Absence of local reporters at football match a 'damning indictment' of lack of investment in regional media, says sports writer

A former sports journalist has criticised the absence of any local reporters at Brentford FC’s opening game of the season, calling it a “tragedy”.

Jim Levack said the absence of any local journalists at Saturday’s game against Rotherham FC followed in line with the UK media’s failure to pick up on residents’ concerns ahead of the Grenfell Tower fire disaster.

Levack, who reports on every home game for PA and covered the west London club for Hounslow Chronicle for 20 years until 2008, claimed it was the first time there had been no local media representation at a Brentford FC fixture in its entire professional league existence – more than 100 years.

Sharing his views on Brentford FC fan blog Beesotted, Levack said: “It’s a damning indictment of the lack of investment in local and regional media, but also a tragedy for the club and its fans at a time when the side’s potential has never been greater.”

However Reach (formerly Trinity Mirror), which owns the Hounslow Chronicle and Ealing Gazette, which both publish online at Get West London, argued that it is bringing coverage of Brenford FC to a “bigger audience than ever before” with its Football.London website.

The website, which launched at the end of 2016, has a dedicated section for Brentford FC, alongside London’s other Football League clubs and Premier League teams, and published four articles around Saturday’s game.

A Reach spokesperson said: “The opinions shared in the article are simply not supported by the facts.

“Brentford’s opening match against Rotherham was covered comprehensively with four separate pieces of coverage – a full transcript of the manager’s press conference ahead of the game, a live blog during the match, a write up of the match highlights, and an analysis of player ratings.

“Brentford FC has its own dedicated section on our Football.London site – a site that’s growing exponentially and is third only to the Manchester Evening News and Liverpool Echo for the size of its football audience.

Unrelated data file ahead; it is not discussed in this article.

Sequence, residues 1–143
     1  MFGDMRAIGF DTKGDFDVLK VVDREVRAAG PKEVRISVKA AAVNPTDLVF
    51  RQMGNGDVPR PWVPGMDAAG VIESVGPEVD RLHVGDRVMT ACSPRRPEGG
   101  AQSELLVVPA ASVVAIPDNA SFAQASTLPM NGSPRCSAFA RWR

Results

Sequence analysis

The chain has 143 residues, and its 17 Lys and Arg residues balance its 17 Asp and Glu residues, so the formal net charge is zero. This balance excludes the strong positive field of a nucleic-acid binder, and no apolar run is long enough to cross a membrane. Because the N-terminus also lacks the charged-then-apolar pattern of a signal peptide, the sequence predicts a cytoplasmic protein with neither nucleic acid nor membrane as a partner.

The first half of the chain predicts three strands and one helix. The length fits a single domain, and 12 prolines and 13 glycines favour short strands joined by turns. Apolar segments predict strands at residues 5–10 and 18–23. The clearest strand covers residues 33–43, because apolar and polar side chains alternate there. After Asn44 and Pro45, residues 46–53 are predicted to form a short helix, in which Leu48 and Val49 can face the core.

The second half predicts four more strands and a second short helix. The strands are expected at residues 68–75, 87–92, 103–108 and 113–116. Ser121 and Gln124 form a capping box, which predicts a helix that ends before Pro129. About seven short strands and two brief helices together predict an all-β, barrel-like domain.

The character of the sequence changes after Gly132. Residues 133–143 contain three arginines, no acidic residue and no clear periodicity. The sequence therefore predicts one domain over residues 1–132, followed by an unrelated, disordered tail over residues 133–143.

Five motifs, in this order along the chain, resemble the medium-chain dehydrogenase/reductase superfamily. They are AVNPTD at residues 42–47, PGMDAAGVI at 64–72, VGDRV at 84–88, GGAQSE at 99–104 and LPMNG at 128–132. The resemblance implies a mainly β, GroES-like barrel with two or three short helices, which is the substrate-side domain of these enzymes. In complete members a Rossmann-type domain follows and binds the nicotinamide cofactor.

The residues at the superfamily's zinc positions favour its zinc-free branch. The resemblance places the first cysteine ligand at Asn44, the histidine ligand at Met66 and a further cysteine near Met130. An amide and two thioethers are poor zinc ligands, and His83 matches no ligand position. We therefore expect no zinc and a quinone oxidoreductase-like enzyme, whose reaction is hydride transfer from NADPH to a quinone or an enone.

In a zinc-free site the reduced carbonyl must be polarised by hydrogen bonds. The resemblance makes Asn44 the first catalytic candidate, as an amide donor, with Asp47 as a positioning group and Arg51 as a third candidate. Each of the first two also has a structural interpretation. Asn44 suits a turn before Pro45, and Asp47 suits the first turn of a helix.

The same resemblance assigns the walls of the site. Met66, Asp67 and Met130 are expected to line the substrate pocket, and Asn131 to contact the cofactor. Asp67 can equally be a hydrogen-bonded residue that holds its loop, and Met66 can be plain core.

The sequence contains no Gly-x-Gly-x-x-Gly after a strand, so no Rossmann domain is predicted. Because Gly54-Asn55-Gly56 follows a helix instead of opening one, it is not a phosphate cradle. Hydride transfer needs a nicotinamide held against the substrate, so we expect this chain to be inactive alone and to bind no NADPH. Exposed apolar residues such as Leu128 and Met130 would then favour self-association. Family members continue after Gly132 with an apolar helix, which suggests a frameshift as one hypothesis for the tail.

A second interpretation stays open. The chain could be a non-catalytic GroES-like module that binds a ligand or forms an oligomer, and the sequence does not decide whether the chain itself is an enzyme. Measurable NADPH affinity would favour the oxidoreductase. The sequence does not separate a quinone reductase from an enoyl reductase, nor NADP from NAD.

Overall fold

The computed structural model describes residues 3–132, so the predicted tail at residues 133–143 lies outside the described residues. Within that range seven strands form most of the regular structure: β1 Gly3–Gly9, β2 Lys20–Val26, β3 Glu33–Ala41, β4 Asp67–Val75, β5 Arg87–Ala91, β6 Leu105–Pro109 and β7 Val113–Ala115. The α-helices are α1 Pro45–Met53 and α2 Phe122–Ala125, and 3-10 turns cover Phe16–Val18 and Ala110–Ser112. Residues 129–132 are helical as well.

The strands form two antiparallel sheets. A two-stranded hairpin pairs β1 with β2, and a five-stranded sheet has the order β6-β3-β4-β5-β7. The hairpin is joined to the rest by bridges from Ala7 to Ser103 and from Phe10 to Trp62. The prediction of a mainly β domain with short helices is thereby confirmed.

“We are bringing coverage of Brentford FC to a bigger audience than ever before.”

However the website did not send a reporter to the match.

Levack, who has also worked for the Birmingham Mail and Coventry Evening Telegraph, argued that local reporters are essential to “analyse, question and go into depth” and build a relationship with the club.

“Fair enough, the need to fill column inches in print probably isn’t as great these days with online presence far more important, but to not send a reporter to the game is a disgrace.”

He added: “I’m a great believer in accountability and genuinely feel that had there been a strong local media presence in Kensington, the views of the families living in Grenfell Tower whose pleas for help fell on deaf ears would have been picked up and taken higher.

“Football clearly isn’t as important as life and death, despite what Shankly once said, but it’s a terrible shame that the once vital local reporter no longer exists at Griffin Park.”

Levack also named Newsquest title the Richmond and Twickenham Times, which used to send reporters to games but has not published any online coverage of Brentford FC since late 2017.

He said that although national and agency reporters do a “great, professional job”, there is “just no substitute for that ‘under the skin’ passion and knowledge” of a local reporter.

Levack told Press Gazette people have begun to turn to independent websites like Beesotted and West London Sport for local sport news instead, but said “because they have got a good relationship with the club you can’t challenge as much as you could on a local paper.”

In 2016 Trinity Mirror faced complaints that the reorganisation of newsrooms along web-first lines had led to less coverage of smaller football clubs and cricket.

Jon Phipps, a former sports content editor of four former Local World titles in Kent, said: “I’m so sad that local journalism is becoming an endangered species in this quest for web traffic.

“Yes, sport in Kent can be hard, but jeez, to just ditch it? It’s absolute bloody madness. The beginning of the end.”

Picture: Action Images via Reuters/Paul Childs

Comments

3 thoughts on “Absence of local reporters at football match a 'damning indictment' of lack of investment in regional media, says sports writer”

  1. You’re deliberately missing the point… it’s about accountability on varying, and admittedly very extreme, levels. And it wasn’t dull, as you and Reach would know if you’d been there.

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